Electron-Positron Annihilation

Most recent answer: 10/22/2007

Does an electron-positron annihilation always creates 2 photons of 511 kev each? If so, what happens to the kinetic energies of the particles? (Since 511 kev is the rest mass of the electron, it seems that the total energy is not conserved.)
- David (age 26)
That’s a very important question!

Your sense of what should be going on is exactly right- the energies of the particles that come out have to add up to be the same as the eenrgies of the ones that went in. The answer of course is no, you don’t always get two photons of energy 511 KeV. That’s what you (usually) get if the e+ and e- have no relative velocity. (Even then you can get a third photon,or more, to be produced.) If the e+ and e- are moving relative to each other, so they have nonvanishing kinetic energy in their common center-of-mass reference frame, then one possibility of the outcome is two photons which share equally the total energy of the collision. They each then have more than 511 keV of energy. If their center-of-mass is moving with respect to, say, some laboratory appratus which detects the outcome, then there is a well-defined procedure for predicting the energies and directions of these photons in the laboratory reference frame if you know it in the center-of-mass reference frame.

Studying what you get when you throw an electron and a positron at each other at high speeds has been the subject of high-energy physics research for the last 35 years or so, and a huge amount has been learned about the structure of matter and energy in the process. Some strange things can happen! If you throw the e+ at the e- at ever higher energies, different kinds of particles will get produced. At some energies, you get a resonance in the production of something new, a bit like tuning in a radio station on a dial. Get the energy too high or too low, and you see some level of background stuff. Get the energy of the collision just right, and the collision rate goes up, and a specific kind of thing gets produced very often. Specifically, you can make a quark and an antiquark together (matter and antimatter get produced in equal quantities in these interactions). If the energy is just right,the quark and antiquark will stick together and make a little bound-state system. These can be seen in a plot of the production cross-section of hadrons in e+e- collisions vs. the energy as the resonances rho, omega, phi, J/Psi, the rest of the Psi family, the Upsilon family, and the Z resonance. Here are some of the e+e- cross-section, showing these peaks in the production rate of hadrons. The rho and omega are excited resonances of light quarks, the phi is a bound state of a strange and antistrange quark, the J/Psi and other psi resonances are charm/anticharm quarks, the upsilon is a bottom/antibottom bound state, and the Z is the weak neutral force carrier. Crank the energy higher, and you’ll find W pairs, pairs of top quarks, and maybe something new that hasn’t been seen before.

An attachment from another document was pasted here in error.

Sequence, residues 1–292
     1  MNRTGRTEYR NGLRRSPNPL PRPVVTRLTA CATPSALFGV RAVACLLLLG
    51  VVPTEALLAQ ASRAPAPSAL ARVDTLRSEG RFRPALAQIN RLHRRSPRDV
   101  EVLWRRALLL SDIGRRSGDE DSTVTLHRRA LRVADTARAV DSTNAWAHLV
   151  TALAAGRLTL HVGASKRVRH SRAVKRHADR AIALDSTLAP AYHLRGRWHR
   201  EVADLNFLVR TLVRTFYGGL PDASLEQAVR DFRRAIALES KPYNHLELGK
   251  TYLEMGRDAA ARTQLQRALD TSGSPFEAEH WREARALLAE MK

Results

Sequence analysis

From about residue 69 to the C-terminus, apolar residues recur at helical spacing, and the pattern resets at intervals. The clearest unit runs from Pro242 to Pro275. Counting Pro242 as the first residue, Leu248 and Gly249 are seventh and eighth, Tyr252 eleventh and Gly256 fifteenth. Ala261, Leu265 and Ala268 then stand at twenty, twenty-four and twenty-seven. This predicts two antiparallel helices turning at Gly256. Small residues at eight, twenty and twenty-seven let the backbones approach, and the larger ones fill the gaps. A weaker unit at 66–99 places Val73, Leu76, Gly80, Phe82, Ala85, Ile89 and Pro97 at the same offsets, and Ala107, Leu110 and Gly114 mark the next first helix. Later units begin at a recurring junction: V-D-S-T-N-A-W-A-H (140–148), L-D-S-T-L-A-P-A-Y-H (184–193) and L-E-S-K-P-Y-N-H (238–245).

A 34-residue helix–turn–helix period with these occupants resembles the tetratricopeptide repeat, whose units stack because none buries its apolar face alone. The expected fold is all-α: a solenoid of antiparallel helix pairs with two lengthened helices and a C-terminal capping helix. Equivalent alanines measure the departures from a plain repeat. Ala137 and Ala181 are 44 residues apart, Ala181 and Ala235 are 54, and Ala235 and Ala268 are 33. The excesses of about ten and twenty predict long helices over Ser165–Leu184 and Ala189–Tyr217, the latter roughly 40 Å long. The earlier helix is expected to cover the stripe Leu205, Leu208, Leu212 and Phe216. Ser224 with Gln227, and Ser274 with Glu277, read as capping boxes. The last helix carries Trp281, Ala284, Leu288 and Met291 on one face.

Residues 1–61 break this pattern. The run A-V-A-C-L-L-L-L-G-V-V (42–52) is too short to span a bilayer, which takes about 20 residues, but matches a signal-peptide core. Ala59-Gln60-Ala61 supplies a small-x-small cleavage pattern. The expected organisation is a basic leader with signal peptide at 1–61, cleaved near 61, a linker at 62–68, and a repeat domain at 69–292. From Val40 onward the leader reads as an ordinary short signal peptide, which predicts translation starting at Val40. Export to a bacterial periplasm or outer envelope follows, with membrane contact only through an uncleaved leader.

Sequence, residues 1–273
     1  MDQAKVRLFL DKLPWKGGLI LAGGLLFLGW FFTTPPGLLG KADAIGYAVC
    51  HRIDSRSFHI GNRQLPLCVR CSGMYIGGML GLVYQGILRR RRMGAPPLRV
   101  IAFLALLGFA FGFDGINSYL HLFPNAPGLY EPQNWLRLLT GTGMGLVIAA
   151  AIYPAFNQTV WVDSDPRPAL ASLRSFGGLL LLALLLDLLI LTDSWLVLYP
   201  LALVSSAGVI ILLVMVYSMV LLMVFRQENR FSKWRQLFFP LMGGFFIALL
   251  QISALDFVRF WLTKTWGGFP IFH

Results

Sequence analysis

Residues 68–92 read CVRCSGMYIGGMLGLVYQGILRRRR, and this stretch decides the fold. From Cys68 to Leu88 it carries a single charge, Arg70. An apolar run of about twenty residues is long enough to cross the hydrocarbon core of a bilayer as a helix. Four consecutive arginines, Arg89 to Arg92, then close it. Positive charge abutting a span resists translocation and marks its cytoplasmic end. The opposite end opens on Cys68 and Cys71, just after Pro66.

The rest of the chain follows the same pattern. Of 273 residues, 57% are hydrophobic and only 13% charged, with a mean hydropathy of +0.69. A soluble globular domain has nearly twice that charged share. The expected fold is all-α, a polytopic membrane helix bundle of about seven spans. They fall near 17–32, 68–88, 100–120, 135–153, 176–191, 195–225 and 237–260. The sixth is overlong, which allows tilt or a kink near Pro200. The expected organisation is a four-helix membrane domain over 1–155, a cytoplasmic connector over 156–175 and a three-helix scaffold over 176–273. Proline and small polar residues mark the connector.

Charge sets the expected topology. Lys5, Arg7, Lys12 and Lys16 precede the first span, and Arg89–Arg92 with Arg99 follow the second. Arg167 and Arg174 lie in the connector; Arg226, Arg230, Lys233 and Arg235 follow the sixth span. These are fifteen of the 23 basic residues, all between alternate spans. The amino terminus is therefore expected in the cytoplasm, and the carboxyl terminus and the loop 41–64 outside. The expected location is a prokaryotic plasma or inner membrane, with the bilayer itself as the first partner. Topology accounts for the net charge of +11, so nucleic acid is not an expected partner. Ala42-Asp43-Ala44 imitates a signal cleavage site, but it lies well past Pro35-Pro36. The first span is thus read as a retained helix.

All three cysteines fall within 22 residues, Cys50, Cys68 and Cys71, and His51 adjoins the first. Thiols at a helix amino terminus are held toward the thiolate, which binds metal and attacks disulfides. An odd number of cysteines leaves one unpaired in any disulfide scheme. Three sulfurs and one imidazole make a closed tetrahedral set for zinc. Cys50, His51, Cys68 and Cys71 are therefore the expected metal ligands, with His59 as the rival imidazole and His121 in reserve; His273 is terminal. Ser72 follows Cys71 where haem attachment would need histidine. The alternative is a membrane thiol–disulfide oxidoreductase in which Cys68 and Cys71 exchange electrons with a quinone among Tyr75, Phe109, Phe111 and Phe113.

If the energy’s not tuned to one of the resonances, what’s produced are quark pairs which are not bound states, but make other hadrons which fly from each other very rapidly, in sprays of particles. Two or more photons is possible, as are getting back e+e-, or other leptons, like mu+mu- and tau+tau-. You can even have a glancing blow where the e+ and e- do not annihilate but pass by each other, and their electromagnetic interaction is strong enough to produce some quarks -- e+e- -> e+e- q qbar, for example.

You can find out more about particle physics .

Tom J. (w mike w)

(published on 10/22/2007)